The undercarriage is nicely detailed with full mainwheel wells. The way the gear legs attach to the firewall is simpler and more robust than in the Eduard kit, and should be straightforward for less experienced modellers while still looking authentic. Staying with the nacelles, the complex exhausts are crisply moulded (but aren't hollowed out), and the propellers are multi-part affairs with separate blades with nicely detailed hubs.
It's clear that more versions are planned and the lengthened tail cone (which housed a life-raft in the real aircraft) is a separate sub-assembly, with the exterior lanyard represented by a length of pre-shaped wire.
The kit comes with a selection of external stores. The belly-mounted ETC 500/IX rack is made from two parts to give real depth and the accompanying bombs have nice thin tail fins. There's a choice of two styles of drop tanks - the ribbed variety, and the huge and distinctive 198 litre type. There's no fuselage auxiliary oil tank provided, but this wasn't always fitted to the full-sized machine.
Finally, in the standard kit, are the transparencies. These are thin and crystal clear. The canopy is supplied in two forms - closed for an easy build, or with the pilot's and gunner's hatches separate to show off the interior.
Bonus partsThose lucky enough to get one of the first US/Japanese production run are in for a real treat in the shape of a pair of beautifully detailed DB 601s. Each engine assembly comprises 25 parts and the moulding and detail are quite exceptional for this scale. The potential for servicing dioramas and vignettes is obviously huge, and it's to be hoped that Dragon may yet release more 1:48 figures and ground equipment to accompany their aircraft kits.
Instructions and decalsThe assembly diagrams are well illustrated with part-shaded line drawings. Each stage is pretty clear, but do pay attention to the numerous "info views" set into the main illustrations - although they sometimes clutter the layout, they are important.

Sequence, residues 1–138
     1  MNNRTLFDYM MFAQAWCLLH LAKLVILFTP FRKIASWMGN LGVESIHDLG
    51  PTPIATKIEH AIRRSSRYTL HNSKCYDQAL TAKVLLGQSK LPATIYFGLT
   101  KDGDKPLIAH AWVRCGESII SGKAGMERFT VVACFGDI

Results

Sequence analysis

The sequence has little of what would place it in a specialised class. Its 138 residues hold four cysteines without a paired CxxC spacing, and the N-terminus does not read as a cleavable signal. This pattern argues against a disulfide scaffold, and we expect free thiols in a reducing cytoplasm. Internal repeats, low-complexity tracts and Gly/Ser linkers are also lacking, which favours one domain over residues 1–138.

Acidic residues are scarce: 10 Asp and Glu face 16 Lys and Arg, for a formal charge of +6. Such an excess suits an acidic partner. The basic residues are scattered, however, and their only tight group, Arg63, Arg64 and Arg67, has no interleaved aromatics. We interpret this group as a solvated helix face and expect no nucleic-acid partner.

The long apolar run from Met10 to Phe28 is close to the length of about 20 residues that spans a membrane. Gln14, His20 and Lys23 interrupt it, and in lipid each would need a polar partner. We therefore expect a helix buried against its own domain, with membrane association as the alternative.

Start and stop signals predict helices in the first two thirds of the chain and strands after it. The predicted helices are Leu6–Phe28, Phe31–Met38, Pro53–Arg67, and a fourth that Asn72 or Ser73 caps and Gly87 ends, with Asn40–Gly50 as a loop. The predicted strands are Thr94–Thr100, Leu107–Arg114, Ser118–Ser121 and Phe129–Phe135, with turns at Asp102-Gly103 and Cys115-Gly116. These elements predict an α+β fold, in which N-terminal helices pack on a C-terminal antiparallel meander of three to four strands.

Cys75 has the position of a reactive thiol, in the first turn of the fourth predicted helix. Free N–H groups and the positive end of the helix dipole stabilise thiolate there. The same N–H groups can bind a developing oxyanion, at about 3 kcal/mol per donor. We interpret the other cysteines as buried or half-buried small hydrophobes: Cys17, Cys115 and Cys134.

Assembly is broken down into 10 stages (the bonus engines are an alternative Stage 6) and I have to say that I think experienced modellers will probably soon substitute their own construction sequence once the interior is completed; as it is, what follows seems more for convenience of drawing than assembly, with the wings (complete with engines, gear and drop tanks) not being added to the similarly finished fuselage until the very last stage. Apart from inviting parts to get knocked off during assembly, it's a guaranteed painting and nightmare.
Talking of painting, Dragon have keyed Gunze Sangyo paints to most of the details. They've gone for a "home brew" which I presume represents RLM 66 for the overall cockpit interior, whereas I would have thought RLM 02 is more likely for a 'D.
The exterior painting instructions are a big improvement over some of their previous kits and it's very welcome to see RLM paint matches included. Two colour schemes are offered:
1. M8 AP, 6./ZG 76, Greece, 1941.
2. 4./ZG 76, Raschid, Iraq, 1941 - with Luftwaffe markings over-painted with Iraqi national insignia.
Two sheets of decals are included, custom printed by Cartograph with a silk finish. The quality is excellent, as we've come to expect from this source, with pin-sharp registration and minimal carrier film. A really nice touch (and an answer to one of the few significant criticisms of the original 1:32 '110s) is the inclusion of a very comprehensive set of stencil decals along with placement guides. As usual with Dragon kits, no swastikas are included, but aftermarket items are easily found.
ConclusionDragon (Cyber-Hobby) look to have produced a really good quarterscale Bf 110, and it's great to see them paying attention to modellers' wishes to add features and correct shortcomings in previous efforts. Of course, the big question for many modellers who may already have one or more Eduard kits in the Stash is whether they can justify adding another Bf 110 to the collection; despite a slightly vested interest, I can honestly say I think the answer is "Yes" - I think there's enough that's different here to warrant it. I'd definitely try to grab the first production version though, because the inclusion of those bonus engines really does make the kit a bit special.
With such a high parts count, this is obviously not a model for absolute beginners, but the excellent engineering I've found so far indicates that it should present few problems for modellers of average ability. Once I've cleared some current projects, I'm going to get this onto the workbench at the earliest opportunity, so watch out for a full-build report.